But don't worry! Most grocery stores know what's on their shelves at any given moment. Automated "just-in-time" inventory systems let stores know exactly when they are out of a product, so they'll know when it's time to order more. But the problem is that what you want might not get there as soon as you want it. I don't know if you had to shovel much snow to get your car out of your driveway to get to the store yesterday; I'd listened to the forecast and put salt on my driveway early to prevent the snow from building up in the first place. But just because I planned ahead to keep snow off of my driveway and got to the store first, I had no guarantee (nor did you) that anything would be on the shelves. The northern part of the state has gotten walloped with 10 or more inches of snow in many places -- and if the storm hits fast enough and hard enough, then delivery traffic grinds to a halt. It doesn't matter how quickly the warehouse knows that the store is out of something if the conditions on the road keep the trucks from being able to deliver the groceries. I might be prepared to go to the store at any time, but if conditions aren't conducive to allowing the trucks to get there with the goods, it doesn't matter how prepared I am to go shopping.

That's the problem with just-in-time inventory: Everything depends on the strength of the weakest link in the system. And if that weakest link goes down, all other links are useless. I've got cash to buy food, and the grocery store has plenty of shelf space...but the truck is stuck in a blizzard 200 miles away. Not much I can do at that point if I haven't already done something.

Which brings me back to my earlier point. I've got one relative who started saving up for retirement 40 years ago. I've got another relative who has been saving for only 10 years. You can guess which one of them probably has a few more dollars saved up, precisely because they started much earlier and kept on saving. I don't know how much food or other necessities you have stocked up on at home in case emergencies hit and the store shelves are empty. I didn't see any spinach, carrots or tomatoes in your cart. Maybe you already had those items at home. If so, congratulations -- and thanks for leaving me a few cans. On the other hand, I might have more of certain things in my pantry because I started stocking up on food before you did. But I had to start somewhere.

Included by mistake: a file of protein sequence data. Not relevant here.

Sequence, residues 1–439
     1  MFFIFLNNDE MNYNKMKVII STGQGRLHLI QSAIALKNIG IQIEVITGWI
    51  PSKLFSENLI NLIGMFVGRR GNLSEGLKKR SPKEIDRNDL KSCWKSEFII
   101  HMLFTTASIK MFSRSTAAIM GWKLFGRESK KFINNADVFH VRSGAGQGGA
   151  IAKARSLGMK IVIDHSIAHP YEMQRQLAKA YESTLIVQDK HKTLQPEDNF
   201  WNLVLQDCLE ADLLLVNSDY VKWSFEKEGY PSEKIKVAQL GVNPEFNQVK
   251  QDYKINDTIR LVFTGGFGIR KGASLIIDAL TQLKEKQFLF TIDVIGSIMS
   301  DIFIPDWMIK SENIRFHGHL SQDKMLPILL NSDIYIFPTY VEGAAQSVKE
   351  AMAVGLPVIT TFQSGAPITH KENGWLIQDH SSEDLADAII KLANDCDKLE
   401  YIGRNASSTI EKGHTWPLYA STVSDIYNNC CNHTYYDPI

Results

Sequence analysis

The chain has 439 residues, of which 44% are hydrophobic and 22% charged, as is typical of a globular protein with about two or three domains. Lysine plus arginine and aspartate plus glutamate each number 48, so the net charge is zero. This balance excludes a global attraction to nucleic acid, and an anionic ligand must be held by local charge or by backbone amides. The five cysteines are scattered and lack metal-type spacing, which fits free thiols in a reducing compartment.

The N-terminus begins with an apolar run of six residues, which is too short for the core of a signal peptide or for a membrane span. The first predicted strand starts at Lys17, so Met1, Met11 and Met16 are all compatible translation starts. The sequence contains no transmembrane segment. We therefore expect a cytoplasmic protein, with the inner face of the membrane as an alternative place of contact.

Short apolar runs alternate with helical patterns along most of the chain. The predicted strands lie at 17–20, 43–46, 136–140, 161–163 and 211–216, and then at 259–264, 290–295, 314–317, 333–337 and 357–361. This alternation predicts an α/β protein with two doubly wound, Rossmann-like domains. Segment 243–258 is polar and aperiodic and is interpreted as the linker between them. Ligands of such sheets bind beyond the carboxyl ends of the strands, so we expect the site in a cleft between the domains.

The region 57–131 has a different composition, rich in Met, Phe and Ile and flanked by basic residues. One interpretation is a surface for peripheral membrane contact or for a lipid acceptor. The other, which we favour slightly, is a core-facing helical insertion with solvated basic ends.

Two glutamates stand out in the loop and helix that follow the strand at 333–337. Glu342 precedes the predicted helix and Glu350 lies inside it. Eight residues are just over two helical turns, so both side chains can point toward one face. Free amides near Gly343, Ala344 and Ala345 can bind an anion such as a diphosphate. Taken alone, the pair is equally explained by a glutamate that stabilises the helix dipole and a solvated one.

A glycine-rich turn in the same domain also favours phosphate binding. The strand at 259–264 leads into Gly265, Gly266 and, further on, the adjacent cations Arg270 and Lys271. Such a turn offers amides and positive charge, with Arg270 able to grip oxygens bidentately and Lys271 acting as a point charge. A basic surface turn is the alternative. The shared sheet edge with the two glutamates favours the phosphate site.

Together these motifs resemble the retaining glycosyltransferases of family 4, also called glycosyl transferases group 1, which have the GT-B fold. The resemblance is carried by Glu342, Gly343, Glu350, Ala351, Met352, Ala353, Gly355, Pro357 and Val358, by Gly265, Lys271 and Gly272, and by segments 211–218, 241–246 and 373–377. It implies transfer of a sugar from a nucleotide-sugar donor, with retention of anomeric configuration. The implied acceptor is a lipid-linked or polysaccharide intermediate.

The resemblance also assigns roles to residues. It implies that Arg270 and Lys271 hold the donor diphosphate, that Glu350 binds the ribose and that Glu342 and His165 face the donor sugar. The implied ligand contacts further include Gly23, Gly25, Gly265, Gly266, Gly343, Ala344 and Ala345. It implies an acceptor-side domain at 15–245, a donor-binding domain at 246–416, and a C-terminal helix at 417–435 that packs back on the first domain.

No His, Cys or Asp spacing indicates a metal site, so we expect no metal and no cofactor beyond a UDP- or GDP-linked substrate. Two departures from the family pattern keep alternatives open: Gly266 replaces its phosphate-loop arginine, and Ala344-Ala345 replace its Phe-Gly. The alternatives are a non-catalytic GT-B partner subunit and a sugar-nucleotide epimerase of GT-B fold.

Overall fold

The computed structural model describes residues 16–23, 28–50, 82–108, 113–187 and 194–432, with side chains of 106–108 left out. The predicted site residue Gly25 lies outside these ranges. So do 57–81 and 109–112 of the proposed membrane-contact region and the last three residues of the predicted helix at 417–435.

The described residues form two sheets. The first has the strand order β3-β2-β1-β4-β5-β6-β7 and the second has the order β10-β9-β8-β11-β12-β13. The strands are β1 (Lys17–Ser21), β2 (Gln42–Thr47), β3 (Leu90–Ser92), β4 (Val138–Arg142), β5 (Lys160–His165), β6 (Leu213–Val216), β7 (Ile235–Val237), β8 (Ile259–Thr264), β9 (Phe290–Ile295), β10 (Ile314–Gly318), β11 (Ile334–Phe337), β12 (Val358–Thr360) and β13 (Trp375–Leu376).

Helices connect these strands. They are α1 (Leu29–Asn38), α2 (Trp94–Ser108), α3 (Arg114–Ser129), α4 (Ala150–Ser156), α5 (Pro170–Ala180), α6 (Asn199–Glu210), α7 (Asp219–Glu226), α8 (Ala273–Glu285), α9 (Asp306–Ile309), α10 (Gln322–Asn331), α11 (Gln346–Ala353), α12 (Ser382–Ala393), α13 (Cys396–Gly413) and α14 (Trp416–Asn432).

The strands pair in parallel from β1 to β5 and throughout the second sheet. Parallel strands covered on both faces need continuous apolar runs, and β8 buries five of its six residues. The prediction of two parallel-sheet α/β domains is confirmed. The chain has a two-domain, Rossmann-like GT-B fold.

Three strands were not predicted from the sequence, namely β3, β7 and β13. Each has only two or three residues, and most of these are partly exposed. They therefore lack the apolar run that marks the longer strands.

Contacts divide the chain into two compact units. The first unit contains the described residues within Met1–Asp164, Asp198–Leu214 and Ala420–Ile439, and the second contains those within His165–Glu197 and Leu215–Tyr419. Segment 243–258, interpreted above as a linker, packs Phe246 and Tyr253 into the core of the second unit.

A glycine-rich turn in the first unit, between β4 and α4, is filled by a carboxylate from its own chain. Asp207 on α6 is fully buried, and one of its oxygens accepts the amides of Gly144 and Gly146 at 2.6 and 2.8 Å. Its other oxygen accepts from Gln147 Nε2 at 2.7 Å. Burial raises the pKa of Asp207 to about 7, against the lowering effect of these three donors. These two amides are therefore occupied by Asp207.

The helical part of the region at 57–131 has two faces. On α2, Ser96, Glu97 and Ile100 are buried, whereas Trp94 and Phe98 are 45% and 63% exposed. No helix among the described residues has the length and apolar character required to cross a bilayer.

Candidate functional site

It's great to have plenty of food and other necessities on hand at home so that when a storm comes, I don't have to choose between being hungry at home and hoping there's food left at the store. I bought what I needed early, so I didn't have to go out when the storm hit. I'm not saying you should buy everything all at once -- this isn't the first time I've bought a few cans of vegetables. But you might want to start stocking up on what you need as soon as possible for your and your family's sake -- and keep on stocking up. You don't know when the storms are coming or how long they will last. And the last cans of food could be about to leave the store.